Mumbai: For 200-250 students in a small school in Mumbai’s suburban Mankhurd area, they first had to walk down a narrow corridor and then climb an iron staircase to get to class. The name of the classroom is a small, unventilated room where 30 children in school uniform sit together. The asbestos sheet ceiling has heated the room, and even the air from the moving fan seems to be nothing less than a hot slap.
In each room of the school made the same, 30 children try to learn in the scorching heat. And at the same time, it has a small office with a different look from these rooms.
Shockingly, the school continues to function despite being deemed “unrecognised” by the Maharashtra government and the city’s civic body, the Brihanmumbai Municipal Corporation (BMC), which does not have permission to function.
Each year the state education department publishes a list of “unrecognized” schools. Which means that these schools do not have a license or government authority to run the school. Most of these schools do not meet the minimum standards of safe infrastructure, classroom size, student-teacher ratio, etc.
The department issued a government resolution this January. ThePrint has read this proposal. It claims that 674 schools in Maharashtra have been declared unauthorized in 2020-21.
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Mumbai has the highest number of such schools i.e. 239 in which about 5000 students study. After that comes the number of Thane (149) and Palghar (143).
An official of the state education department told ThePrint, “We collect data on the UDISE website (Unified District Information System for Education, a central government-run database for schools). After that, the district officials are requested to check these schools if they are really not recognized, only after verifying them we prepare a final list.
“After that, advertisements are made in newspapers to inform the parents of the children so that they can avoid the admission of their children in these schools,” the official said. According to the RTE (Right to Education Act), if the schools run even after that, they will have to pay a fine of one lakh rupees.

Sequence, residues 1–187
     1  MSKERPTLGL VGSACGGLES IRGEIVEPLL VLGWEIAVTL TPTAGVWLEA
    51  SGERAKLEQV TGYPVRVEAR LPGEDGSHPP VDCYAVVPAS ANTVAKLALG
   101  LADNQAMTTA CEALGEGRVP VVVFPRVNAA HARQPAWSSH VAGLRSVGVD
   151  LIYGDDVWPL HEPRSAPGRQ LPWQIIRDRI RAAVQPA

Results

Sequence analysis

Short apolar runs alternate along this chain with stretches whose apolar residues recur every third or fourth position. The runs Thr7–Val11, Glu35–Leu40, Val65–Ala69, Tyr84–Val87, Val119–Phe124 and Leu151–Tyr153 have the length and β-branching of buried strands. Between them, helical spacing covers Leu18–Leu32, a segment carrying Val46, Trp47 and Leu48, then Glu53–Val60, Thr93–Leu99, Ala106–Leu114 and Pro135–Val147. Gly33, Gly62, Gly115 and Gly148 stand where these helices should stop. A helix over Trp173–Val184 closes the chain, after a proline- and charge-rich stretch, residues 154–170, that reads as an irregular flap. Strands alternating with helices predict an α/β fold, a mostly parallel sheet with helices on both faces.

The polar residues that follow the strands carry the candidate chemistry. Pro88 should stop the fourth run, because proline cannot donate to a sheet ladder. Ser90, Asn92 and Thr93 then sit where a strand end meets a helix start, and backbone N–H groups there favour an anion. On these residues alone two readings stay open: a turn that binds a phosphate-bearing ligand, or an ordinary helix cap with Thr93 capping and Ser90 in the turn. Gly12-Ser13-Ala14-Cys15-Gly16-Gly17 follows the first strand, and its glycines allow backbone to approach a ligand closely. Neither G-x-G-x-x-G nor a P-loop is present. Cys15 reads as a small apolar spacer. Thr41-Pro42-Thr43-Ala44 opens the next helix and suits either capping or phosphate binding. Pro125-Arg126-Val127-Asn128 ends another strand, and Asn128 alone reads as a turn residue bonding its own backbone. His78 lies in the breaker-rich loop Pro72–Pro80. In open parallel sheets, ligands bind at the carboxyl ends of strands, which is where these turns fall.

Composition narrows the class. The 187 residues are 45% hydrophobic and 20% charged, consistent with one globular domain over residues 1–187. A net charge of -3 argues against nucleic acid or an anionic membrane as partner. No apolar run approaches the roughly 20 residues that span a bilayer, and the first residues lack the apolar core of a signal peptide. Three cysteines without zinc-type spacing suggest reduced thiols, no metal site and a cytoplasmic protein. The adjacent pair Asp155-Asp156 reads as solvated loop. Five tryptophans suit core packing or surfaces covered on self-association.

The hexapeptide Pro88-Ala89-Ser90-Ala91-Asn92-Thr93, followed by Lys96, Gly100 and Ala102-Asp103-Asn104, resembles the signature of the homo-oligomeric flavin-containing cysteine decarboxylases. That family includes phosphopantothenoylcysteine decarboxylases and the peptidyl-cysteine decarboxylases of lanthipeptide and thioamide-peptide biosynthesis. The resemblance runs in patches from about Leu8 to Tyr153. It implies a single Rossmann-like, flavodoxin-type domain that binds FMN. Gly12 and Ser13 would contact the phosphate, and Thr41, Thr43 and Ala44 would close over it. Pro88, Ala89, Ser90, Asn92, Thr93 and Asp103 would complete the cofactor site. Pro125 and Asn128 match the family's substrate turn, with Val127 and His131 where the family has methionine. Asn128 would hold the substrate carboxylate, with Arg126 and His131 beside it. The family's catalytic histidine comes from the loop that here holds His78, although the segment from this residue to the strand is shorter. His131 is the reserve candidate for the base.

In the case of Mumbai, the BMC provides data on schools to the state government. Some of the schools that were in the BMC list since last year have reappeared in the state government redaction.
ThePrint visited Mankhurd in Mumbai’s Shivaji Nagar area. Going there, it has been verified that at least 10 schools on the “Unrecognized” list are still functioning. All the schools had a minimal number of classrooms and the state of the infrastructure was pathetic. But they were still in demand because of their low fees and being built around low-income areas.
However, the management of some of these schools claimed that they had applied for recognition. But this process is very slow. They are providing education to children from underprivileged communities.
Speaking to ThePrint, BMC Education Department in-charge Raju Tadvi said notices will be sent to these schools and action will be taken soon. “We cannot close these schools in the middle of the school year. Because around 5,000 children study there and their future is tied to it. Well, we will start punishing these schools now.
unqualified teachers, poor educational results
Most of the listed unaided private schools in Mumbai are located in densely populated slum areas. The reason parents move towards them is the low fees and the fact that they are closer to home than the nearest government schools.
Omar Sheikh runs a local NGO in the Mankhurd area. At the same time, it also organizes community classes to teach high school dropouts and underprivileged children. He said, “The parents of the children studying in these private schools are daily laborers and cooking enthusiasts. They don’t have the money to pay the fees of good schools.
Sheikh said that most of the teachers teaching in these schools do not have a B.Ed degree or formal training. That’s why there is a big impact on children’s learning ability.
Shaikh said, “A student studying in class VIII does not even understand the maths problem of class V and we have to teach him everything again.”
ThePrint spoke to some teachers in these schools and found that most of the teachers were not qualified to teach the children.
One of these teachers was a 23-year-old teacher who had recently completed a hotel management course. On the condition of anonymity, he acknowledged that he had no teaching degree or experience. He has taken the job to “earn the money” he spent on his hotel management career.
He teaches English, history and geography to students from classes 7 to 10 on a nominal salary of Rs 6,000 per month.